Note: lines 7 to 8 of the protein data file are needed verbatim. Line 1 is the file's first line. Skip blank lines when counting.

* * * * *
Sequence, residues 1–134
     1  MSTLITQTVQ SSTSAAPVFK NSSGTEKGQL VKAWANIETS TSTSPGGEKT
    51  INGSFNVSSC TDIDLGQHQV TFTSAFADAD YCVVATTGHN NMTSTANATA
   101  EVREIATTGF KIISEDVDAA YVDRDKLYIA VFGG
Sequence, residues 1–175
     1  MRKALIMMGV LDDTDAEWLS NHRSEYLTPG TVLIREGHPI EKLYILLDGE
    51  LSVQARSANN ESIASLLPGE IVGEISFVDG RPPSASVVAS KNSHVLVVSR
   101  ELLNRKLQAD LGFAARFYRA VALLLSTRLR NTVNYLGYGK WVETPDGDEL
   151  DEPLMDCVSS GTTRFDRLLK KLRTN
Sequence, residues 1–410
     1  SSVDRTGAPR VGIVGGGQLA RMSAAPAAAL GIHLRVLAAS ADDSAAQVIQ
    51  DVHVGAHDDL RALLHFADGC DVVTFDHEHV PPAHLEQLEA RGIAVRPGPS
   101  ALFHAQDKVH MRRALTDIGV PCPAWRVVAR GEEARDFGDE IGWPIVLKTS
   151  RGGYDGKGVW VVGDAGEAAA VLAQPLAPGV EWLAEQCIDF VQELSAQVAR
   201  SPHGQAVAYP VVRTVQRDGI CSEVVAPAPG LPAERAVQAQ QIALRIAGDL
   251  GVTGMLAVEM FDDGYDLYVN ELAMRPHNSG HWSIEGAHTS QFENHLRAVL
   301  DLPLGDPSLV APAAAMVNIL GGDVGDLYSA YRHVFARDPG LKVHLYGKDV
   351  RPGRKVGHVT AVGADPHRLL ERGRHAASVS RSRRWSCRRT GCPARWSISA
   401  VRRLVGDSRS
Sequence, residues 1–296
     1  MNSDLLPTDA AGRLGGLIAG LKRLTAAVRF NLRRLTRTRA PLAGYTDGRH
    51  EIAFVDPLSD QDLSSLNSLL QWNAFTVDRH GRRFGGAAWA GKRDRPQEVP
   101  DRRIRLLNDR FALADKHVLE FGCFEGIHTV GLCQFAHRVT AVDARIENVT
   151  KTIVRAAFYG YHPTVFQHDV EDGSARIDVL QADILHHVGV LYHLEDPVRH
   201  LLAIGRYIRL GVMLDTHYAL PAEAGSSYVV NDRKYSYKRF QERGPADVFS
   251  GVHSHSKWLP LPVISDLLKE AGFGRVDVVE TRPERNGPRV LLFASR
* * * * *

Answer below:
    51  LSVQARSANN ESIASLLPGE IVGEISFVDG RPPSASVVAS KNSHVLVVSR
   101  ELLNRKLQAD LGFAARFYRA VALLLSTRLR NTVNYLGYGK WVETPDGDEL